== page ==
It’s a marvellous time for a Moondance Festival

Orchestre des Réfugiés et Amis will be performing this weekend Orchestre des Réfugiés et Amis will be performing this weekend
By Ciara Quinn

Appalachian bluegrass, Argentinian Tango, a street ceilidh, and a pop-up orchestra of refugees and asylum seekers – just some of the highlights of Moondance Roots Festival at Bank Square in Belfast on September 30 and October 1.

Folktown, Belfast’s emerging cultural quarter, is hosting its second global Folk and Roots Festival with support from the Department for Communities. The renamed Moondance Roots Festival will feature the Broken String Band, which plays high energy Appalachian mountain music, while ‘Bal Feirste’ is kicking off the party on the square on Saturday with French folk music and dance. Everybody can join in at this free event.

And the Orchestre Des Réfugiés et Amis, a group of musicians formed by Beyond Skin and facilitated by musician and human rights campaigner Joby Fox, will also perform at this family friendly festival which features acoustic roots music, story-telling, artisan food and craft beer.

It is not a traditional orchestra but a space where musicians from other parts of the world work together, collaborate and perform. It was created by Beyond Skin and supported by the Arts Council of Northern Ireland’s Intercultural Arts Programme. Joby, director of Folktown CIC says, “The orchestra is a symbol of the type of changing city that we live in and that Moondance Roots Festival is seeking to reflect.”

He went on: “At Folktown we seek to create a place for everybody, where we can flourish, live and learn through culture, music, art, food and from each other. The Orchestre Des Réfugiés et Amis reflects a vital and vibrant part of our society and we want to celebrate their talent in this friendly and inclusive festival.”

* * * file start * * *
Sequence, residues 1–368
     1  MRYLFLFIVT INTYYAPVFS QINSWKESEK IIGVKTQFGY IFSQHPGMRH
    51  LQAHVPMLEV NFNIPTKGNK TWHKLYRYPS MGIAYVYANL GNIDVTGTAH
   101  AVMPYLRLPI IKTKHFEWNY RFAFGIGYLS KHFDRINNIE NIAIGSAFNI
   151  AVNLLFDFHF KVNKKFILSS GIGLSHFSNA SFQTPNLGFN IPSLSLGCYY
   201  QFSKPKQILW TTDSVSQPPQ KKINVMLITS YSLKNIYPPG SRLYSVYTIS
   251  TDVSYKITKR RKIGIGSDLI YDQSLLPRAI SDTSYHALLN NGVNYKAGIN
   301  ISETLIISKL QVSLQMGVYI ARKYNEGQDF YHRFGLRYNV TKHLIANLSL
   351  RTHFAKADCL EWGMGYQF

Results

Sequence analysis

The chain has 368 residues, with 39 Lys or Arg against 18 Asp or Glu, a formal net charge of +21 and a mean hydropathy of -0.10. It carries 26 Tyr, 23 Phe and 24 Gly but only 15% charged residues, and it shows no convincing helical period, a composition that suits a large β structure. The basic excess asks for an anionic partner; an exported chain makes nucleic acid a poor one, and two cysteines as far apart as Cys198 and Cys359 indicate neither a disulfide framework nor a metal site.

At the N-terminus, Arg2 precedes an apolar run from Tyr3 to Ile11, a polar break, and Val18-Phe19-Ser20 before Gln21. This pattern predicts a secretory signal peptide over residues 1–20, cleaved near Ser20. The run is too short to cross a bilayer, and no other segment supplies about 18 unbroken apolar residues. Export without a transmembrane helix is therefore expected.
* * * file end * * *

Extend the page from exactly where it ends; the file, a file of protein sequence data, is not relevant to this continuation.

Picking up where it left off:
Joby, who once opened for music legend Van Morrison as bass player of the band Energy Orchard, says the title Moondance was not named after the East Belfast troubadour’s famous song and album.

He added: “The festival is taking place during early autumn, a few days after the September Equinox when the days and nights are the same length while October 1 just happens to coincide with a new moon so we thought Moondance was the perfect name to celebrate the changing of the seasons and a new start for Belfast.”

Moondance will also feature discussions about the future of Belfast City Centre, and the Folktown area and its vital role in stitching the city back together post-Troubles. One of Belfast’s leading writers Martin Lynch will host a storytelling event with key people from in and around the Folktown area. The aim of these events is to showcase unique and historic part of Belfast.

Folktown CIC was set up to regenerate and revitalise the Bank Street, Berry Street, King Street and Castle Street area of the city. As well as its weekly Thursday and Friday evening markets it has created a number of other great initiatives including a story-telling festival, an oral history project and new public artwork.

To find out more about Moondance and other Folktown events, check out or contact Sophie Rasmussen: